The Secret to Get Stronger Not Just Sorer: Exercise Order
Anyone can make a workout hard. For instance, do some sprint work, and make it harder by super setting it with another full body, high intensity lift. Go try a set of three heavy, nearly all out reps in the clean – full squat cleans – and then run 200m flat out immediately after. That’s going to be awful and aside from teaching you how to run slowly or lift sub-maximally all it is going to do is make you suffer.
The problem is that people have taken their misguided notion of “go hard or go home” and made it the trump card for everything they are trying to achieve. Because let’s face it, personal trainers like making clients sweaty because then the client walks away feeling like the workout was beneficial. The only problem with that is in six months time that person is still going to be not much better physically than they are right now (and realize, I don’t care if they’ve improved “a bit” as I am only interested in achieving the best for people and getting them close to their absolute maximum potential). Personal trainers need to learn the key phrases in our watered down world of fitness are not “cardio,” nor “intensity,” nor even “conditioning.” The key words are “strength and conditioning” and you’ll notice that strength is first and foremost.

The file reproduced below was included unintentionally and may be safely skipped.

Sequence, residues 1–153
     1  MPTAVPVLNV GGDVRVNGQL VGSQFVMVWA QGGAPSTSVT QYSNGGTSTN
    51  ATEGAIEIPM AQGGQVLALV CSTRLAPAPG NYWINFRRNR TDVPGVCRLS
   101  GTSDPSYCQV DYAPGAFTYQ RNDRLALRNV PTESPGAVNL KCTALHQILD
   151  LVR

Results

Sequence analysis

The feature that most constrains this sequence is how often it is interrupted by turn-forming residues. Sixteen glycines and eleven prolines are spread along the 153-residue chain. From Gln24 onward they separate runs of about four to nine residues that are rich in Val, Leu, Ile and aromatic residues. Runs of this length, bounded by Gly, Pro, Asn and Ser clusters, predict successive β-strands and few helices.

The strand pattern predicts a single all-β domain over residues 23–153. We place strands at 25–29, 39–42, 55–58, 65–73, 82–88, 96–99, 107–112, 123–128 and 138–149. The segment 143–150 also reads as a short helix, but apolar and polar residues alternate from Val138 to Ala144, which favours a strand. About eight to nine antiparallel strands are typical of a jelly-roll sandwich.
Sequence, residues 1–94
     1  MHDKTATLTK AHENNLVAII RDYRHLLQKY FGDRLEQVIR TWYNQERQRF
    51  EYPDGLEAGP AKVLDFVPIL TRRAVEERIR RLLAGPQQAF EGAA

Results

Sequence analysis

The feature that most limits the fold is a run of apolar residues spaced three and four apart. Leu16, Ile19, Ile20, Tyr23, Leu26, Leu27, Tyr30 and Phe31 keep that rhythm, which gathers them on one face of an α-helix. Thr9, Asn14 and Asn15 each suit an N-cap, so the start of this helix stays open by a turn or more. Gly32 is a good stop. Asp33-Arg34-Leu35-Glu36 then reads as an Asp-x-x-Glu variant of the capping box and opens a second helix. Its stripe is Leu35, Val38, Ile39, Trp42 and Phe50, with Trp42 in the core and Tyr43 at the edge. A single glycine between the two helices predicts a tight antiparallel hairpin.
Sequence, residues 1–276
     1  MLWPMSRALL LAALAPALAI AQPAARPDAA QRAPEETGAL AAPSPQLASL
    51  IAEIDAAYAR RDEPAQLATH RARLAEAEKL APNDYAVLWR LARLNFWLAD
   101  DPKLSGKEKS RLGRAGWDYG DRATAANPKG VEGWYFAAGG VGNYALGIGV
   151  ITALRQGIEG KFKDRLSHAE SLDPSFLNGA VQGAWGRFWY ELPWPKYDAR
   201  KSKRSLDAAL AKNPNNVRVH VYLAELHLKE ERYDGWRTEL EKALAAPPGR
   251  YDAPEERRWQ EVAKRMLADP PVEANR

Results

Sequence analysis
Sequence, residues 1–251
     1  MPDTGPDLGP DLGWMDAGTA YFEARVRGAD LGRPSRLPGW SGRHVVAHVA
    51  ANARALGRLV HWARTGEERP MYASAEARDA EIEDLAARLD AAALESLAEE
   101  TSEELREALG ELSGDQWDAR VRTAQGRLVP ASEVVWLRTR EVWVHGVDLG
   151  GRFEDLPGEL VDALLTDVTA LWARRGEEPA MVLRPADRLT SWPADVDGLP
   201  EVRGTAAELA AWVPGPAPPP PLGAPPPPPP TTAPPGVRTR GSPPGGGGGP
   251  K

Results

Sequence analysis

To train for strength – which also relates to power and speed – there is a right way and a wrong way to structure a session. Let’s cut to the chase and look at the way I structure my clients’ training sessions:
- High speed before low speed.
- High skill before low skill.
- Unstable before stable.
- High intensity before low intensity.
Let’s turn this into a sample training session where we are going to do jerks, presses, swings, some running drills, and some Primal Move. Here’s the smartest way to put this together to gain maximum benefit from each of the exercises:
- Warm up with Primal Move – Primal Move will help to fire up your system and make sure your reflexive stabilizing patterns are doing what they are supposed to do. Plus, rolling around on the ground is fun, and if you’re not enjoying training long term you won’t keep training.
- Running drills – Do high speed, high reaction drills. Sprint drills require massive recruitment of the stretch shortening cycle and must be done fresh. These also serve to heighten central nervous system (CNS) arousal, which will have good carryover to the rest of your strength work, allowing you to lift more weight. (You could substitute plyometric type work here as well).
- Jerks – A very high skill move that also requires speed for maximum power to be trained. Add another level of difficulty to this by doing split jerks. Jerks allow big loads to be moved at high speed – a great exercise for developing strength, power, and speed all in one move. If training with kettlebells, these do need to be placed at the end of your session because usually they are used as a smoker to finish off the workout and will destroy your grip, making further training afterwards almost impossible. (And grip is an indicator of CNS arousal. If it’s weak then you won’t be lifting heavy that day).
- Presses – While still a high strength move, the reality is that a slow grinding press requires less CNS recruitment, even at near maximal intensity (say a 2-3RM) than a similar repetition range for jerks. In fact, pressing slower actually enables you to lift more weight, decreasing the CNS involvement even more.